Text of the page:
It’s that time of year. The school year is winding down, parents and children are preparing for summer.
Last week, we should have been at a seventh grade band concert. My son played trumpet, was fourth chair. He aspired to move higher, yet at the same time acknowledged the three in front of him were, “Really good.”
He should have been prepping for finals now. We would have been waiting on word from the school—what would they do with the seventh graders who were in eighth grade algebra this year? Will they teach geometry at the middle school, or will they bus the kids to the high school? I had been so proud and impressed with his math skills. Oh what he could have done with his life…
I wonder if he would have wanted to attend the eighth grade graduation? He had a few friends who were eighth graders. Would he have wanted to be part of that celebration? It would have made for a busy second week of June, because my daughter is “graduating” from elementary school, as well. There’s something going on nearly every day that week, it seems. I suppose it’s a bit easier only having to manage one kid’s schedule.
Not that I wouldn’t change that situation in a heartbeat, if given the chance.
I wonder how the summer would have gone. We were still hem-hawing over whether to leave the two kids home alone while we were at work. He was responsible enough—to a point. The biggest problem would have been the lake at the end of our road and the temptation to hang out there all day, every day. The idea makes me nervous without an adult chaperone, even if he would have been nearly fourteen years old.
Now we have to figure out summer childcare… again. It’s such an annoying process when your kids are on the verge of not needing it, yet aren’t quite there. And it’s made worse when something devastating happens and suddenly you can’t imagine ever letting your child be alone, ever, for the rest of her life. She’s all I have left, after all.
Normally, I look forward to summer with all the excitement and anticipation of a child, but this year I almost dread it. In July we are laying his ashes to rest. A few days later will be Independence Day, arguably his favorite holiday of all. Oh how that kid loved his fireworks. So much so that we had a picture of one engraved on his headstone.
A few weeks later, we will embark on our annual weeklong summer vacation, when we join my siblings and their families and my father and we all rent a place on a lake and we just… hang out. Together. My son always loved this vacation; it was one of the few times I think he was truly at peace. One of my favorite pictures of him is from last summer. He was lying in a hammock next to the lake, a can of Coke in his hand, a pleasant smile on his face. It will be strange spending that time without him. I really hope we do not all wallow in the sadness of his absence.
Creating new memories from traditional moments is the hardest thing of all, I think. Entirely new experiences are easy; there is nothing to base anything on, nothing to do but enjoy it. A few weekends ago, my new, smaller family unit took an impromptu trip to Florida.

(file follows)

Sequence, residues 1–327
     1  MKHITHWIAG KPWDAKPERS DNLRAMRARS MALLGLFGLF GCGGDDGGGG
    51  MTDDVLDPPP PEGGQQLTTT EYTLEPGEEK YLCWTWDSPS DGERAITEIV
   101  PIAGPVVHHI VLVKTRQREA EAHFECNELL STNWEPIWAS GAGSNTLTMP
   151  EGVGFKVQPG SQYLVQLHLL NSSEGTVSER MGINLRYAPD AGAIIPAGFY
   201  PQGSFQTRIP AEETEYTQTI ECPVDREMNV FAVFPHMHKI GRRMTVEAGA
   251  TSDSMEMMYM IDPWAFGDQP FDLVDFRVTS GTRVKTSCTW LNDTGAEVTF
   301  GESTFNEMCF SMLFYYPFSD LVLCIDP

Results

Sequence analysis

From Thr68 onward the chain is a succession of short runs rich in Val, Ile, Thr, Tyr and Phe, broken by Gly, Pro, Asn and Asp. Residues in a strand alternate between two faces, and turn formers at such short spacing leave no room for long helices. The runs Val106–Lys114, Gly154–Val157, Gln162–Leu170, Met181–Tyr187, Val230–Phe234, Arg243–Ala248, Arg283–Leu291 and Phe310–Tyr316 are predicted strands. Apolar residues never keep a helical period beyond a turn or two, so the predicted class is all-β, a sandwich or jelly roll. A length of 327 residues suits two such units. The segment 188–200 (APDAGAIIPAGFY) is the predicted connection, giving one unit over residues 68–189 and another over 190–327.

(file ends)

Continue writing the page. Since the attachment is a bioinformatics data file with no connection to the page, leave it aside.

(Note to Midwesterners: May is the time to go to Florida. Plane tickets are crazy cheap.)
It wasn’t until we returned home to Detroit that I realized I had hardly thought of him at all that weekend, and I hadn’t cried once. That’s because there were no reminders, nothing to associate with him. Everything was about the three of us, discovering a new vacation spot, carving brand new memories.
Of course that all changed the moment we pulled into the driveway and I saw the wind chimes we had been given as a memorial gift, his bike on the back porch. I walked inside and the first thing I noticed were all the pictures. His closed bedroom door at the end of the hall. The kitchen, the living room, the basement—it’s all the same. None of it has changed since he changed my life so explicitly ten weeks ago.
And yet, everything is different.
I had a momentary urge to go through the house and collect all the pictures, all the mementos, and store them away somewhere. Just so I would not be reminded every moment of every day. It had been so refreshing, for those few precious days we were in Florida, to not have him, what he did, control my life, my emotions, my actions.
Although, in truth, what happened did control my actions when we booked that trip. We never would have randomly flown to Florida with two weeks’ notice if our family had still been intact. There would have undoubtedly been something going on, and besides, we wouldn’t have been able to afford it, even with ridiculously cheap airfare. It would never have occurred to us. Oh how life has changed.
So I didn’t put the pictures away. I left the mementos hanging on the wall, sitting on my windowsill. And I sat outside on the porch and listened to the wind chimes, gently tinkling in the breeze. And yes, I wished things were different. I do that every day, a thousand times a day.
And then, when my wine glass was empty, I stood up and went inside and started dinner.
Because time marches on, and for the living, so does life.
Tami Lund is an author, wine drinker, and is using blogging as therapy while trying to figure out how to live life after the tragic death of her teenage son. When she isn’t doing that, she’s writing happily ever afters, which can be found on her website, www.tamilund.com.